Emotional moment: Cleveland man exonerated 40 years later for crime he did not commit

This is the moment a Cleveland man was exonerated of a murder he didn’t commit – 40 years after the killing took place.

Kwame Ajamu was just 17 years old when he was sentenced to death in 1975 after businessman Harry Franks was beaten and shot dead outside a convenience store in his neighborhood.

Then going under the name Ronnie Bridgeman, he was jailed alongside his brother Wiley Bridgeman, then aged 20, and their friend Ricky Jackson, 19.

But the case against them unraveled after the prosecution’s star witness, a 13-year-old, recounted his testimony last year, saying he lied after being pressured and fed evidence by detectives.

Mr Jackson and Mr Bridgeman, now aged 59 and 60, were released from jail last month after the charges against them were dropped.

Mr Jackson had served 39 years, the longest ever for a man who was subsequently exonerated.

Mr Ajamu had been released on parole in 2003 after 27 years, and his exoneration yesterday brings to a close a case which the county prosecutor branded ‘a terrible injustice.’

In emotional scenes inside the Cleveland courtroom, Mr Ajamu broke down in tears and pumped his fists before Judge Pamela Barker stepped down from the bench to give him a hug.

Comforted by his attorney Terry Gilbert, Mr Ajamu told the court that ‘this room is lit with the truth.’

The tragic case began in spring 1975 outside a Cut-Rate store in Fairmount. Harry Franks, a money-order collector, had just come out of the shop when he was attacked.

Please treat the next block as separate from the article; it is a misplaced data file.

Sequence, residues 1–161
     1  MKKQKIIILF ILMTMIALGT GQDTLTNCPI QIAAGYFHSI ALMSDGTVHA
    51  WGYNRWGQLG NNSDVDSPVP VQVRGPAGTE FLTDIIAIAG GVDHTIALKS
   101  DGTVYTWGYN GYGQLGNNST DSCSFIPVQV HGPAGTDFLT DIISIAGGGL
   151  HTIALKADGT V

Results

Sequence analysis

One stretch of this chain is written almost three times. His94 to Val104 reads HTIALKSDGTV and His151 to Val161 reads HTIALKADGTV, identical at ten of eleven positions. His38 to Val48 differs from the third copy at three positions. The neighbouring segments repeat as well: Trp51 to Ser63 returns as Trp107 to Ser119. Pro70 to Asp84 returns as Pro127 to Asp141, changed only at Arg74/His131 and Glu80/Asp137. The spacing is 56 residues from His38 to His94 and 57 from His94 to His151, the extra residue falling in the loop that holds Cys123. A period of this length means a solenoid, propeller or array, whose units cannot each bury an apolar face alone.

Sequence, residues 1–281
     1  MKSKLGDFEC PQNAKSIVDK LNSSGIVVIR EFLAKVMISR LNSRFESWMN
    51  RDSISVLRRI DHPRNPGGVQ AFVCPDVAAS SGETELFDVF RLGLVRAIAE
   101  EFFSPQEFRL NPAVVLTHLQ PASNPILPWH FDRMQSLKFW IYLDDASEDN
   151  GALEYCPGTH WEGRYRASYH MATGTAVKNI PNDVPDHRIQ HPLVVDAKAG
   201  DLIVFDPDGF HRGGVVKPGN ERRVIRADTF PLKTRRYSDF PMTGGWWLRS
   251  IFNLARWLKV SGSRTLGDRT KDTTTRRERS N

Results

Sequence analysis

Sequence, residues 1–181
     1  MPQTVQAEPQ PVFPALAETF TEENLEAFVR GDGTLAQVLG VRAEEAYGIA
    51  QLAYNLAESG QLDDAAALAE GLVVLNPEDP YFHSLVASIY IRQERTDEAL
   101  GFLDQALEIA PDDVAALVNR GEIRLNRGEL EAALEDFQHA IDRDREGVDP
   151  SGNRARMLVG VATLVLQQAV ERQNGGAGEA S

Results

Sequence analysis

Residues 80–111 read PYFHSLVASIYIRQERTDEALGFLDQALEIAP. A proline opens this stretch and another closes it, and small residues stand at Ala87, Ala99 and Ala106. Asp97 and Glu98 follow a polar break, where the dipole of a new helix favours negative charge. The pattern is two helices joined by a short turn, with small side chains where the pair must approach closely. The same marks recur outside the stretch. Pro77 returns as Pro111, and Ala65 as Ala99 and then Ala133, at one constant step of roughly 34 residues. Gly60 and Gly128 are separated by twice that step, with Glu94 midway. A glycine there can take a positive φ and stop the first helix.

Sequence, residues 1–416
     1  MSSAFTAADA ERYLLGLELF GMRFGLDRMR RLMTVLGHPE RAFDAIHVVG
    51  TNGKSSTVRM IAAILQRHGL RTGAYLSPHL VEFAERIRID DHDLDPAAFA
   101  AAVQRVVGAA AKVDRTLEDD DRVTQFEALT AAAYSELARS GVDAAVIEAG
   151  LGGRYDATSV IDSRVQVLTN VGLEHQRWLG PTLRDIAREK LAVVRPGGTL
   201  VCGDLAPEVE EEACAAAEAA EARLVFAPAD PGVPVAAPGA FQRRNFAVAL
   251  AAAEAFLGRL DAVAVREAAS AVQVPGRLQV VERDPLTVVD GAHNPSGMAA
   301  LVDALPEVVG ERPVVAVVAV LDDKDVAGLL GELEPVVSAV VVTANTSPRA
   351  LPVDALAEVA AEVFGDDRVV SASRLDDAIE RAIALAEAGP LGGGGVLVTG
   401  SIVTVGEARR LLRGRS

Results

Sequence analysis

The assailants threw acid in his face, robbed him, beat him, and then used a gun to execute him. A green car screeched up to the curb before the attackers jumped in and were driven away.

Officers began their investigations and arrested several suspects, but none of them were correctly picked out during identity parades.

Officers then put out appeals for information and Eddie Vernon, who was aged just 12 at the time, stepped forward saying he had witnessed the crime and knew who the perpetrators were.

He later told Scene magazine: ‘I don’t exactly know why I went up to the police at first. I think I just wanted to be helpful.

‘You have to understand I was 12 years old at the time. I thought I was doing the right thing.’

In fact, Vernon had not witnessed the crime, but had been heading home on a school bus in another part of the neighbourhood when he and his friends heard gunshots.

They raced to the scene in time to see Mr Franks dying on the pavement, but saw nothing more than that.

When the case came to court, however, Vernon was able to testify to having seen the Bridgeman brothers and Mr Jackson at the scene of the crime.

He gave details of the weapon used, the method of execution and the getaway vehicle – but these had all been fed to him by detectives, along with threats to arrest his parents for perjury if he tried to back away from the story, he said later.

He testified three times at the separate trials – each testimony riddled with inconsistencies that failed to stack up with the others.

But it was enough to convince three separate juries that the men were guilty, and they were sentenced to the death penalty, which was later lowered to life in prison.

It was not until April 2013, following a series of arrests for drug offences and a bout of poor health which landed him in hospital, that Mr Vernon tearfully confessed to his pastor that his evidence had been a lie.

He later gave a written statement to officials from the Ohio Innocence Project who passed it to the courts, leading to the three men having their names cleared.

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